Neither Shultz nor Olmer made any concessions to the USSR, nor did they get much from the Russians except a willingness to negotiate without preconditions. Gromyko's press conference in Moscow left little doubt that in the arms control area the Soviet Union intends to bargain hard at the negotiating table and to miss few opportunities to score propaganda points at the expense of the partner at the talks. Similarly, an increase in Soviet domestic repression leaves no ground for illusions that more trade will automatically equal less ruthless treatment of the Kremlin's subjects.

Negotiations with the USSR are not a panacea. Talking is not going to change the fundamental interests, values, and methods of the Russian communist empire. But diplomacy allows identifying areas of overlapping interest, finding possible trade-offs, and, more important, making the nuclear adversaries feel less threatened by each other. To do that much sounds like common sense: If two hostile parties are chained to the same doomsday machine and both have their fingers on a button, it is logical to stay in touch to attempt preventing an accident. And cooperation at the margins of competition offers a useful reassurance regarding the opponent's intentions.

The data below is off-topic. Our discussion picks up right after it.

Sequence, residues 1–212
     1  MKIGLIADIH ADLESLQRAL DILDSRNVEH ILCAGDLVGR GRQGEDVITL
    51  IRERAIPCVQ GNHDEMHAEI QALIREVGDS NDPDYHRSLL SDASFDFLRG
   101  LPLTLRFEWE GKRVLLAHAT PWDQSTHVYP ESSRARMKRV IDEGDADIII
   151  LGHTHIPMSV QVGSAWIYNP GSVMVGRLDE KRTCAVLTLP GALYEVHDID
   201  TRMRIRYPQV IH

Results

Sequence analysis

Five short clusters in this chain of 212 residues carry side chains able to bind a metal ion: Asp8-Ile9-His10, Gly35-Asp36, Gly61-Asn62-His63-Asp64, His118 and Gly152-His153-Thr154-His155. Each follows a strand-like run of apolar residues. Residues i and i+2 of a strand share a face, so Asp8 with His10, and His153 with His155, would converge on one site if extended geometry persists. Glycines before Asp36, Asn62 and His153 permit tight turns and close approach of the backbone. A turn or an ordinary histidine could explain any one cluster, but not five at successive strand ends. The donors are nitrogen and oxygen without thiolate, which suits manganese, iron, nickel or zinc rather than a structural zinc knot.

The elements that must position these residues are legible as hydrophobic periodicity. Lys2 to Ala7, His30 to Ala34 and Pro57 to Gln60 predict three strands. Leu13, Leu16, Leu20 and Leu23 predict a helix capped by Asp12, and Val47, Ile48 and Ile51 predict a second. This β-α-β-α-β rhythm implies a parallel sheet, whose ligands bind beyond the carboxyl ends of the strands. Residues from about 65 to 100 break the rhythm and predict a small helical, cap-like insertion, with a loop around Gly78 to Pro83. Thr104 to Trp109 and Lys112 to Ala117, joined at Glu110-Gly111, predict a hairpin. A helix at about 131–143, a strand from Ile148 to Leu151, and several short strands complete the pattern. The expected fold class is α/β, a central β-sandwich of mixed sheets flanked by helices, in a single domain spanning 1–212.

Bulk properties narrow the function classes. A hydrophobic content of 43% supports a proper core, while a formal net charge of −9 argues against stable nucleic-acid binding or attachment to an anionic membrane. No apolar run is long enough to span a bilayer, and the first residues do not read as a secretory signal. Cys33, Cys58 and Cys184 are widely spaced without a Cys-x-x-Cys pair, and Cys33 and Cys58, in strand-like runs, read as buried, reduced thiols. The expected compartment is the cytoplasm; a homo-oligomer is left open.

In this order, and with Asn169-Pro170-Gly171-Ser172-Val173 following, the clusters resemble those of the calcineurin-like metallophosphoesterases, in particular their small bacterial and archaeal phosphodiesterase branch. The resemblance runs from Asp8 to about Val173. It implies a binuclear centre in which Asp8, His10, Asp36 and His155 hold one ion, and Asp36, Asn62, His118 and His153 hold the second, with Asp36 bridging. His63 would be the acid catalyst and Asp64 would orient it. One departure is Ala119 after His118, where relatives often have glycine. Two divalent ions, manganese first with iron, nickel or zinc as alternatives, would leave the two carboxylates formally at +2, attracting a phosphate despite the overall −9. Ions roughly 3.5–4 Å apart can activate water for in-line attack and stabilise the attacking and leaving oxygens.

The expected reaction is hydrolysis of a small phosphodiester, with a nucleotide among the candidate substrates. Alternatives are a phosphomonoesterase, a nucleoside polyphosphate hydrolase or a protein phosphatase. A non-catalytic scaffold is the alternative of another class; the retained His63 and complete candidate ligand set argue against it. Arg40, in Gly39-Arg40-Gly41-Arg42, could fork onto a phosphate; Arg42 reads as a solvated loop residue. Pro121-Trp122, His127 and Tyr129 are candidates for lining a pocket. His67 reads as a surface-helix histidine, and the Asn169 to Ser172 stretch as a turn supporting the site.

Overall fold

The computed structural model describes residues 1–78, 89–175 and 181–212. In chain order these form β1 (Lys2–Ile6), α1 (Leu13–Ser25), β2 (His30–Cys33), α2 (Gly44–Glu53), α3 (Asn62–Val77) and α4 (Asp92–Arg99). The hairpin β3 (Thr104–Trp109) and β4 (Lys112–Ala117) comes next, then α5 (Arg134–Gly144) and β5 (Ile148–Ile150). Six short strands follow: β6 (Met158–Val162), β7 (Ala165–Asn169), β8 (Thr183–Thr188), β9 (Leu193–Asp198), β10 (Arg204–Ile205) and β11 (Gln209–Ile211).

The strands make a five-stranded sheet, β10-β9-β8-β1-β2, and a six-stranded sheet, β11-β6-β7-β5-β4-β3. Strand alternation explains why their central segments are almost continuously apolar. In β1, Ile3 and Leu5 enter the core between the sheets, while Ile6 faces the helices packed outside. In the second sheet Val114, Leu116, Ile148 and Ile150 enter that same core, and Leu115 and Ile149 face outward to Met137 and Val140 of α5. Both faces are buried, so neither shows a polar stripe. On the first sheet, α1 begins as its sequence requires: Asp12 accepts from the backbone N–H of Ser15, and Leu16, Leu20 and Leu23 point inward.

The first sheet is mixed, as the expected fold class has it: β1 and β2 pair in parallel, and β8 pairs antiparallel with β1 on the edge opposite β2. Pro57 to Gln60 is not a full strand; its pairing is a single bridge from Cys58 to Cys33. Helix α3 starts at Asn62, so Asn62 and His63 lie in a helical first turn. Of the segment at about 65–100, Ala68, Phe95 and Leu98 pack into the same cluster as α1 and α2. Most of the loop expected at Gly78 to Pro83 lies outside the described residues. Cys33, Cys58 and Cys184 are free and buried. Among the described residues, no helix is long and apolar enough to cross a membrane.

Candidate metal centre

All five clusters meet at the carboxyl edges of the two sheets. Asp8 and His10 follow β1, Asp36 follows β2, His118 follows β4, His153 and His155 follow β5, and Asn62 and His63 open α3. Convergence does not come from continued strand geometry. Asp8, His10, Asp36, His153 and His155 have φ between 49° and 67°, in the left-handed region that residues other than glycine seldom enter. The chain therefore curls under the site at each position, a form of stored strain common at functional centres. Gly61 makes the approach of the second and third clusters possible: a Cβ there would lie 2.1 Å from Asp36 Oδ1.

Yet this logic is alien to Mr. Weinberger. His attitude to arms control continues to be one of provocative neglect. Appearing on CBS's ``Face the Nation'' during the aftermath of Geneva, the secretary of defense opted to proceed with familiar anti-Soviet polemics. His tone markedly contrasted to that of Shultz, who, appearing on NBC's ``Meet the Press,'' while not yielding Moscow an inch, sounded dignified and constructive.

A senior White House aide described Weinberger's ``Face the Nation'' performance as ``unhelpful'' and bound to confuse the Russians, the allies, and the Congress, generating dangerous doubts about the administration's commitment to negotiate in good faith.

Weinberger also made quite an effort to cancel Olmer's mission. According to sources at the Department of Treasury he sent a memo to Secretary Donald Regan asking him to go together with him to request the President to reconsider the trip. While admitting that there is nothing wrong with nonstrategic trade (the only thing Olmer was authorized to discuss), Weinberger raised a variety of far-fetched objections. Among them was the rather incredible suggestion that the failure to bring up human rights issues would ``lower the President's standing among the Soviet leadership.'' Neither Mr. Regan nor Mr. Reagan was persuaded. And, of course, emigration was discussed anyway in the most pointed fashion.

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The administration did well in both Geneva and Moscow. But Weinberger's rear-guard action indicates that even just talking to the Soviets encounters fierce opposition from the Pentagon civilians. The President will have to make some hard choices among conflicting advice if the US-Soviet dialogue is to gain momentum.

Dimitri K. Simes, just returned from Geneva, is senior associate at the Carnegie Endowment for International Peace.